• Accepted in some retailers and hotels

Cons

  • Not accepted everywhere
  • Can be costly to cash in

How much dinar do I need to bring to Tunisia?

Although the country still enjoys a reputation among British tourists as a more affordable holiday destination, prices have risen considerably in recent years as Tunisia has grown in popularity. However, it remains affordable in comparison to European countries.

Find out some typical prices in Tunisia

BudgetMid-rangeExpensive
bldg

Hostels

£5–£20 per night

2-star hotel
£40–£80 per night
5-star hotel
£90–£200+ per night
utensilStreet food
£1–£5 per dish
Dinner for 2 at a mid-range restaurant
£15–£20
Dinner for 2 at a 5-star restaurant
£60–£100
cameraVisit the Blue City
for free!
Shopping in Nabeul Markets
Zoo/Safari visit £10
Quad biking £25 per person
Cammel riding £20 per person

*Prices are for example purposes only.

Bottom line

Taking the right type of plastic with you on your travels to Tunisia is important considering you cannot bring Tunisian dinar into the country. However, whether you’d prefer to use a debit card, a credit card or a prepaid card is completely up to you – or perhaps you’d prefer to take a combination. The most important factor is checking how much you’ll be charged for foreign transactions and looking for an option that will keep these fees as low as possible.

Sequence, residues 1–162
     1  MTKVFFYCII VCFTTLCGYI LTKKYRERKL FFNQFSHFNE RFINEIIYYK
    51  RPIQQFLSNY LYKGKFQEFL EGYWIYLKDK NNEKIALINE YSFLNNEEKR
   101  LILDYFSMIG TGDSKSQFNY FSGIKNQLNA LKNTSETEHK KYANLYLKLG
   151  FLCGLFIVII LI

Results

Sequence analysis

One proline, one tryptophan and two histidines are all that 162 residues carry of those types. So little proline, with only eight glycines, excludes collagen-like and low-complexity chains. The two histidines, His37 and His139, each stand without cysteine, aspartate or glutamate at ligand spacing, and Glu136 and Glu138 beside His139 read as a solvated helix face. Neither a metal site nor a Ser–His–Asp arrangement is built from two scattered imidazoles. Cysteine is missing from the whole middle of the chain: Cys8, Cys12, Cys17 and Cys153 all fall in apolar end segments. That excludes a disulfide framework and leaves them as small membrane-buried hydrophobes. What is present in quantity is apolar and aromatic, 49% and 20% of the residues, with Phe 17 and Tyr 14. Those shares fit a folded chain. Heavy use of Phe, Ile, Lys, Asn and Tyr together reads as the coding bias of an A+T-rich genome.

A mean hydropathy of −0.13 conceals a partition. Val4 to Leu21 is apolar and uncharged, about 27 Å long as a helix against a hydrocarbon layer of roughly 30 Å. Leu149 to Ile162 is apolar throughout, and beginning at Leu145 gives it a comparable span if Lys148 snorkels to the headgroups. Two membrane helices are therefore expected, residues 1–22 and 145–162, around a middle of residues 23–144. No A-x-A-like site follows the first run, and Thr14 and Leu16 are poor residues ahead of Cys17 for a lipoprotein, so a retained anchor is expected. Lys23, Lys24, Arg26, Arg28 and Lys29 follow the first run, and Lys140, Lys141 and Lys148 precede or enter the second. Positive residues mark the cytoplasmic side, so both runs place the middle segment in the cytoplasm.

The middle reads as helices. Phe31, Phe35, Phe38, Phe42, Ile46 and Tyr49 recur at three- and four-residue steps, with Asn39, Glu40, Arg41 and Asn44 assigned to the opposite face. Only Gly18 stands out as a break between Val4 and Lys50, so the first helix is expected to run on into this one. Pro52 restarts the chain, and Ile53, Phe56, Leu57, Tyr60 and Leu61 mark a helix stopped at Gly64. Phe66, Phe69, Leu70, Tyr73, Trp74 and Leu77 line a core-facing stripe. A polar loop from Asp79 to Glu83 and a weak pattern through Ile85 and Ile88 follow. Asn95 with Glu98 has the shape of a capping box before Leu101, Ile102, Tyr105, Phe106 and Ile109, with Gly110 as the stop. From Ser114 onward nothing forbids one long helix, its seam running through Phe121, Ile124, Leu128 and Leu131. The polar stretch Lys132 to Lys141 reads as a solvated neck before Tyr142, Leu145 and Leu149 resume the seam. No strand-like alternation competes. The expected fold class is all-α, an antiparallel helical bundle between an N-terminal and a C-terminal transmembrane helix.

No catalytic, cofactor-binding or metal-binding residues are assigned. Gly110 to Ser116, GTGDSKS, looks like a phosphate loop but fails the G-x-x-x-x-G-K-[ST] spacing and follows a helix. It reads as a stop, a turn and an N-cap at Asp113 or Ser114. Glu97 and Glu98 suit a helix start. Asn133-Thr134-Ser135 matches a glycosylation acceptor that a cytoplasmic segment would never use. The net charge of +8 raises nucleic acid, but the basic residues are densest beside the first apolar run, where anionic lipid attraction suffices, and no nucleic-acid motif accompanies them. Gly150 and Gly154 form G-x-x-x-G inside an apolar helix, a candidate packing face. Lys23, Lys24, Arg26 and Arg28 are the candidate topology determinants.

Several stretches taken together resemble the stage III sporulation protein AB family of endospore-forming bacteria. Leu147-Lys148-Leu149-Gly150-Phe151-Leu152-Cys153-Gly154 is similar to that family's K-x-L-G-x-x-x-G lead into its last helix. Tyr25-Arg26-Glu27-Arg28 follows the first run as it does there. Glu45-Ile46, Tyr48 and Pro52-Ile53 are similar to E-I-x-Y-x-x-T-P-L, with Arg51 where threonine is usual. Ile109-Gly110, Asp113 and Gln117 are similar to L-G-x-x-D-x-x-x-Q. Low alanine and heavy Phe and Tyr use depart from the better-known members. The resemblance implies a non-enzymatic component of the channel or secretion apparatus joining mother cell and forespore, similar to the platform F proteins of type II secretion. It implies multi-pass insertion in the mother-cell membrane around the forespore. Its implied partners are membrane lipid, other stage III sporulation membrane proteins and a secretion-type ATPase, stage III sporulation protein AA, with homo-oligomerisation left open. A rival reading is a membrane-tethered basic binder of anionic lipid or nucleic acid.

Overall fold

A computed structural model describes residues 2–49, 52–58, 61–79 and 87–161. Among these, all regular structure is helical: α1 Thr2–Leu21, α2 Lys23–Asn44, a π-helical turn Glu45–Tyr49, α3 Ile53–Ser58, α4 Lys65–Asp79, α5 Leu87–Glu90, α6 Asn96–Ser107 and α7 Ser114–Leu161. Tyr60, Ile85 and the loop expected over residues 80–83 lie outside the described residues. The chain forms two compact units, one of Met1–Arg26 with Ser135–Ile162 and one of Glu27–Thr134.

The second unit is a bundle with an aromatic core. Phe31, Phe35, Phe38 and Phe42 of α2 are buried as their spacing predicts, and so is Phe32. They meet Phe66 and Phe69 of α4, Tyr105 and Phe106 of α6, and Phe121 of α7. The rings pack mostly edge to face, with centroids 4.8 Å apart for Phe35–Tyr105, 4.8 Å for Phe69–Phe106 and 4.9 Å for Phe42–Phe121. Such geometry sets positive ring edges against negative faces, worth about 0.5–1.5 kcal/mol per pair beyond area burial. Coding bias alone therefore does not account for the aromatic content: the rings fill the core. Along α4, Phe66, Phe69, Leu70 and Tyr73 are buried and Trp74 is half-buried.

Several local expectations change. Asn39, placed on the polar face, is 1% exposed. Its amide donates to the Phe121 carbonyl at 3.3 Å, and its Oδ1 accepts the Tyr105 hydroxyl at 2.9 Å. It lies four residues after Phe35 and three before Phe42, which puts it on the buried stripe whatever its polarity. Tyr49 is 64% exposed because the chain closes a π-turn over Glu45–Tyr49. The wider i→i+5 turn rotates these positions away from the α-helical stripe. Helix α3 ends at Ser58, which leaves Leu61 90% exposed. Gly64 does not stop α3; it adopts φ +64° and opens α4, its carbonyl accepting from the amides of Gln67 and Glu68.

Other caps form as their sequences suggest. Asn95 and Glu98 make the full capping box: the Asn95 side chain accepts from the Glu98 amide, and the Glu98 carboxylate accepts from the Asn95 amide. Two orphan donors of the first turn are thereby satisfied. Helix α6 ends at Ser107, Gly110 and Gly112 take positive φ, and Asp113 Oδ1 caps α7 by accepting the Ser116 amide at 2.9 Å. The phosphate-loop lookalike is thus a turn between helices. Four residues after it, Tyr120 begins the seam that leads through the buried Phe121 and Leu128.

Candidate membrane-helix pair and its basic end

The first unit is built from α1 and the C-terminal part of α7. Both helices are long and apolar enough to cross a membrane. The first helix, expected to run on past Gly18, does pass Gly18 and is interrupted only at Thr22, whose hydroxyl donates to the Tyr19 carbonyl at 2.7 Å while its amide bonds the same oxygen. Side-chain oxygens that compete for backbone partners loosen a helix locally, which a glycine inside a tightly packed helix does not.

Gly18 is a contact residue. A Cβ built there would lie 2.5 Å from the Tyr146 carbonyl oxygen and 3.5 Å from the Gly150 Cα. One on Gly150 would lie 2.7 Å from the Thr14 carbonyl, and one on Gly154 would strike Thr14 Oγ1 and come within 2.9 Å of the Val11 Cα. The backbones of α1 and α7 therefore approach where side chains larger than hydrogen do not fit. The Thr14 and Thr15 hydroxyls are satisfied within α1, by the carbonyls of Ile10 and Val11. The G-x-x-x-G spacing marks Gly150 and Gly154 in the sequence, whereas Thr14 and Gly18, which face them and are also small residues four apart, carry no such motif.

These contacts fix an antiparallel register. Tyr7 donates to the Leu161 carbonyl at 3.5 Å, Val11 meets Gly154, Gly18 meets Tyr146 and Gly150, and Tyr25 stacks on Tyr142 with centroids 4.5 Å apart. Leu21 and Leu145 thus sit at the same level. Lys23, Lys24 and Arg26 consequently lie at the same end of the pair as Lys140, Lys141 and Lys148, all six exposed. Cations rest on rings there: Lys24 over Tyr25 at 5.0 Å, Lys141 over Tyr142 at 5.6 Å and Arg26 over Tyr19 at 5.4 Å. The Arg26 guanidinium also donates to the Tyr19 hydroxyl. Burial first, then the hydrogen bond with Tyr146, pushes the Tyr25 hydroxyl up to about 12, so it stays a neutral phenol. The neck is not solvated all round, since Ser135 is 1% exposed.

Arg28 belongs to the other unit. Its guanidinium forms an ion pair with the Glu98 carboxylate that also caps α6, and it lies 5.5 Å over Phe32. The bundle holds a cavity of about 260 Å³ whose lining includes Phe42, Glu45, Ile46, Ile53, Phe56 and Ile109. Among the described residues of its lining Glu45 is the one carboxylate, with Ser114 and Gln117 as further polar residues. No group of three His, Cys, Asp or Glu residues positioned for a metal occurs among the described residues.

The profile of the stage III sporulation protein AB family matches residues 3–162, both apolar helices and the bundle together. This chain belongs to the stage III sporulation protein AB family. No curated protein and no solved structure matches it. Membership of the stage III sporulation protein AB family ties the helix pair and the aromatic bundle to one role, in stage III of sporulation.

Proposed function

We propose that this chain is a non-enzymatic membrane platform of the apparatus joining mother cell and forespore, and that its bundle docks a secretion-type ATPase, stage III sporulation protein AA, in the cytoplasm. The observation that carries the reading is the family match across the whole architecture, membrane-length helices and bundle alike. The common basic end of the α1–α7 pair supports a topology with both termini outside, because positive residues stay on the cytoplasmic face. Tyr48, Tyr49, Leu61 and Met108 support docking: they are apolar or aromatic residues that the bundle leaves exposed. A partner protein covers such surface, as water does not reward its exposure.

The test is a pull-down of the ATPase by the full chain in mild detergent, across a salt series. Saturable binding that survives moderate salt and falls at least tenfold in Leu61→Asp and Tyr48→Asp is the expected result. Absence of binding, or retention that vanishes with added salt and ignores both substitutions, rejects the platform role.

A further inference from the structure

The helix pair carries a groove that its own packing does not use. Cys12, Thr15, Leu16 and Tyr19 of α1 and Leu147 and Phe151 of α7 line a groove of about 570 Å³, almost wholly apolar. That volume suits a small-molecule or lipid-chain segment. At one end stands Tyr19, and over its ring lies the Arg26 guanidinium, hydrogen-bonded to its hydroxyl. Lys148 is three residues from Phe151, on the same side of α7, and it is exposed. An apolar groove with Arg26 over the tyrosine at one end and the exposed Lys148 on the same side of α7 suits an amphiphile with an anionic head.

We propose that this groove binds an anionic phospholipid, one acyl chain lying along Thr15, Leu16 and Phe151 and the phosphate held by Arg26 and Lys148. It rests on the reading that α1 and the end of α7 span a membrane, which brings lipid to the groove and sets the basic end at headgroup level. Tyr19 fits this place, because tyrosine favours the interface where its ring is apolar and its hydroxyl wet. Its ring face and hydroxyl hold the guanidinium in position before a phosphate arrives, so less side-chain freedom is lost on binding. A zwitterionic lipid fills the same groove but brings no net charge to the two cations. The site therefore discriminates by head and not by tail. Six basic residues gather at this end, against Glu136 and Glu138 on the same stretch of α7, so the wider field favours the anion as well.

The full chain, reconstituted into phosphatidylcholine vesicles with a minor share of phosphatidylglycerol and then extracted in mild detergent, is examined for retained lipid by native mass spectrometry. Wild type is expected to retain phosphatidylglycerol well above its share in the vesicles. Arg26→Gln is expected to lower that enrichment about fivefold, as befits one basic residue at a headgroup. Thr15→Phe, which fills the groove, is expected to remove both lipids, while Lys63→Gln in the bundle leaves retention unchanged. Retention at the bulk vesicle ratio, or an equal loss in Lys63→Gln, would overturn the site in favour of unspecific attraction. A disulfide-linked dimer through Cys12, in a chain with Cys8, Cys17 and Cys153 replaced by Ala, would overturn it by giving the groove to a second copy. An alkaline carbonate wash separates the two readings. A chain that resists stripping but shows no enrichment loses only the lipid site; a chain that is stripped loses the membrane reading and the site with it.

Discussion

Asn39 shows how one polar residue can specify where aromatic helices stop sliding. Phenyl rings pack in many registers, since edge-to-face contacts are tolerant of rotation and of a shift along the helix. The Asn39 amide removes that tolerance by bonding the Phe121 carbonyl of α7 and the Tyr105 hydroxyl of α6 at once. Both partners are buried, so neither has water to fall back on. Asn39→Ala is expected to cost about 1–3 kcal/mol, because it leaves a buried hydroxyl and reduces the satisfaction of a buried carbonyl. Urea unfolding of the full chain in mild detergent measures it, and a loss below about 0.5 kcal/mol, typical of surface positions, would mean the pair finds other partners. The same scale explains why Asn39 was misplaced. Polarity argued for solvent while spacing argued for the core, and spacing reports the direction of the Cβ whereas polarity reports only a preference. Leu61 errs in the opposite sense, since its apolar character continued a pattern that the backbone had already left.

Frequently asked questions

We show offers we can track - that's not every product on the market...yet. Unless we've said otherwise, products are in no particular order. The terms "best", "top", "cheap" (and variations of these) aren't ratings, though we always explain what's great about a product when we highlight it. This is subject to our terms of use. When you make major financial decisions, consider getting independent financial advice. Always consider your own circumstances when you compare products so you get what's right for you. Most of the data in Finder's comparison tables has the source: Moneyfacts Group PLC. In other cases, Finder has sourced data directly from providers.

More guides on Finder

Go to site